I don’t know what it costs to bring one player through the farm system to the big leagues, but it ain’t cheap. Keep in mind that each franchise fields at least six minor-league teams filled with players that have little or no chance of reaching the big leagues just so a handful of talented players has somewhere to develop.
The Tribe took all the risk in developing Sabathia. The club’s deep thinkers didn’t know for certain that he would make it to Cleveland, let alone become a star, though they were betting that he was destined to be an impact starter.
When Sabathia joined the Indians’ rotation, it took him five years to polish his skills and understand the nuances of becoming a front-of-the-rotation starter. Sure, he won a lot of games along the way, but he was a far more skilled competitor in 2008, when the Tribe let him go than he was as he rode the learning curve.
Just when he was becoming the best pitcher he could be, when he was entering the prime of his career at age 28, he was gone. In his place were Matt LaPorta and Michael Brantley, two of the Brewers’ brightest prospects. Sabathia went on to sign with the Yankees the next season.
Meanwhile, the Tribe had to begin developing two more young players, hoping they would become bona fide big leaguers, hopefully stars. The Indians missed on LaPorta; Brantley has become a solid everyday contributor, but he does not rank among the best players in baseball, as does Sabathia.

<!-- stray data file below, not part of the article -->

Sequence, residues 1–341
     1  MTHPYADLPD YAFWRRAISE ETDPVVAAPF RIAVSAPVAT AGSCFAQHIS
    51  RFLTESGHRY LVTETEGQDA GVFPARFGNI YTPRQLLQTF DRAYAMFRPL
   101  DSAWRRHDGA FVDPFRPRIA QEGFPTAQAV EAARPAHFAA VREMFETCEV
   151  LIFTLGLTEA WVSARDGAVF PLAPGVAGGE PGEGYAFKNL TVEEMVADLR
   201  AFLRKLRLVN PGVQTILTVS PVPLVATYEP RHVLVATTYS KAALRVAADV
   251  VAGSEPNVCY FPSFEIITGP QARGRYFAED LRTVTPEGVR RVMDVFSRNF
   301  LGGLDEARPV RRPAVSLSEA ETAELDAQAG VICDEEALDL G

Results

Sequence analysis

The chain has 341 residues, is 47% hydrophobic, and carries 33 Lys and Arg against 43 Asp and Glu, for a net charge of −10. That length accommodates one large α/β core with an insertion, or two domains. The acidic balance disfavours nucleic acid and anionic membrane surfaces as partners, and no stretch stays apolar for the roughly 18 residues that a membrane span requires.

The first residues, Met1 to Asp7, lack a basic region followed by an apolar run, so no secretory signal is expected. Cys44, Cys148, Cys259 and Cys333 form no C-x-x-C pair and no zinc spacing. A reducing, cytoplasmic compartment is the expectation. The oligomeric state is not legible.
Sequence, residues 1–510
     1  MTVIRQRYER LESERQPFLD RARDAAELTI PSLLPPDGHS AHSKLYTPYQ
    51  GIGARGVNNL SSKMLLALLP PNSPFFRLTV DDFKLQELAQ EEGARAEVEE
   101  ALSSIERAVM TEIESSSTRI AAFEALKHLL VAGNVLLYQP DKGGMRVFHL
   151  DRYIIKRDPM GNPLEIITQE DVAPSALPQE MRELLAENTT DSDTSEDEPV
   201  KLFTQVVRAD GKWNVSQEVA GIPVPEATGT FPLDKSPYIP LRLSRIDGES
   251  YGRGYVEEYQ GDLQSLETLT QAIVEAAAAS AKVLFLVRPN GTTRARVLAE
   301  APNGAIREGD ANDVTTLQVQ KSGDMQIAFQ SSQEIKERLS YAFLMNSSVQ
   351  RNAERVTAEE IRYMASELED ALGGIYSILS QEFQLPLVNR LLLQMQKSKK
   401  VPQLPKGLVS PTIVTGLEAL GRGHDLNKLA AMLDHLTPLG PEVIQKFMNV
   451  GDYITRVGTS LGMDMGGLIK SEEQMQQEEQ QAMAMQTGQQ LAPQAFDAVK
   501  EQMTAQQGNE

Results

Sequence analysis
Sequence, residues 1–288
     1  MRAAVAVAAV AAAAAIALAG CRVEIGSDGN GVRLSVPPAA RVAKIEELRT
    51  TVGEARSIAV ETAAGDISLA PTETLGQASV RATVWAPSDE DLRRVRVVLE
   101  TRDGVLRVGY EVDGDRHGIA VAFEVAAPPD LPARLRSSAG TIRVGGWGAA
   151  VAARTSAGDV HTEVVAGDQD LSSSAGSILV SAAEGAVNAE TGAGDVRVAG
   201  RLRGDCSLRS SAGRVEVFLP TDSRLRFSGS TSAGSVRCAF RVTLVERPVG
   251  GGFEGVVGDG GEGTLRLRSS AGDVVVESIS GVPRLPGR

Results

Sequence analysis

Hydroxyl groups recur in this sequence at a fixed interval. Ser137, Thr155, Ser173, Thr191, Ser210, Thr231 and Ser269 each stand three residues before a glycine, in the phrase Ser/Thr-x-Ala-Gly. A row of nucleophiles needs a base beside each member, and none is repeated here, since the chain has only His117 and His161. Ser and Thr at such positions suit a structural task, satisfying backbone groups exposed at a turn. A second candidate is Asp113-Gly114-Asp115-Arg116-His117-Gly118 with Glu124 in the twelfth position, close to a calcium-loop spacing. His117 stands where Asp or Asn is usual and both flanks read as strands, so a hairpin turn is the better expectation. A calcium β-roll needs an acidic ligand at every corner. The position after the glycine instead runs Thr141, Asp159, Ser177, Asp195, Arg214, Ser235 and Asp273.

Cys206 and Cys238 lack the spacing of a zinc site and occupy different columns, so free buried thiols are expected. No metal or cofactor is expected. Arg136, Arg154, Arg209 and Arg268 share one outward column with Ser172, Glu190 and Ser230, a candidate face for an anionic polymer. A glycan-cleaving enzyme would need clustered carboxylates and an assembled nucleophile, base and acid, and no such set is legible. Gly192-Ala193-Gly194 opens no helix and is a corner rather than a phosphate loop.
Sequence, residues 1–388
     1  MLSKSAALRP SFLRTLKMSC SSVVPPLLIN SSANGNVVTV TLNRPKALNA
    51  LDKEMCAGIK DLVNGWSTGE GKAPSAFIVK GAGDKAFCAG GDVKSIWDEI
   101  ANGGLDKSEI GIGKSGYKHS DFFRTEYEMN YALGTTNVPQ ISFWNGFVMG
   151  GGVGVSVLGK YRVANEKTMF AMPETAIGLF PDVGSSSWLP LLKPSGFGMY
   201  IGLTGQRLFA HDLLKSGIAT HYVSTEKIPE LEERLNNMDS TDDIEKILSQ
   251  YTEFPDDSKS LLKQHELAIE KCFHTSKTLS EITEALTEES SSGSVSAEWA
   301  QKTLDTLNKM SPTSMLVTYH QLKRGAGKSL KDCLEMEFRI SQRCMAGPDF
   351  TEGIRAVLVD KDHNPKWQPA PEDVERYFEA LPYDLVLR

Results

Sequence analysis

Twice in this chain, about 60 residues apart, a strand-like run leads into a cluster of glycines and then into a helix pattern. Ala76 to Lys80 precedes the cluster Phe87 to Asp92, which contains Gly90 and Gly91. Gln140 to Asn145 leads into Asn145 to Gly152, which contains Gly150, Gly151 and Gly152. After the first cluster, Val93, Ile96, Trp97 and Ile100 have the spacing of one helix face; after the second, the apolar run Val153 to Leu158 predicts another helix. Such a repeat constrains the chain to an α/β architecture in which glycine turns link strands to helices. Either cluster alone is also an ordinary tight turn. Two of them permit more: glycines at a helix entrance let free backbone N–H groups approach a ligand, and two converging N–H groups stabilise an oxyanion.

The Indians took all the risk in these transactions. They spent tens of millions of dollars to develop and pay Sabathia, and the Yankees reaped the benefit. The only risk the Bronx Bombers took was that of injury, and all teams share that risk equally. General Manager Brian Cashman knew exactly what he was getting. Consequently, Sabathia has helped his team compete for championships year after year, and has played a part in bringing in hundreds of millions of dollars in revenue.
That is not to say the Tribe could have kept Sabathia. Neither the Indians nor any other team was about to outbid the Yankees. Every circumstance was aligned for him to go to New York. The Yankees were in the midst of dropping more than $80 million in salary, they needed a starter badly, and they were moving into a new, cash-cow of a stadium.
But Sabathia is the exception. Even teams that aren’t among the top tier in cash flow can’t compete season after season by depending solely on their farm systems or by trading stars for prospects. Every team misses on draft choices, even the Twins, who unlike like the Tribe kept some of their best players headed for free agency: Joe Mauer, Joe Nathan and Justin Morneau.
And the Indians? Jettisoned were Manny Ramirez, Jim Thome, Victor Martinez and Cliff Lee, as well as Sabathia. Shin-Soo Choo and maybe Chris Perez probably will be next.
Is this cost efficient? Check the standings and the empty seats at Progressive Field.
Sheldon Ocker can be reached at email@example.com. Read the Indians blog at http://www.ohio.com/indians. Follow him on Twitter at http://www.twitter.com/SheldonOckerABJ and on Facebook at http://www.facebook.com/sports.abj.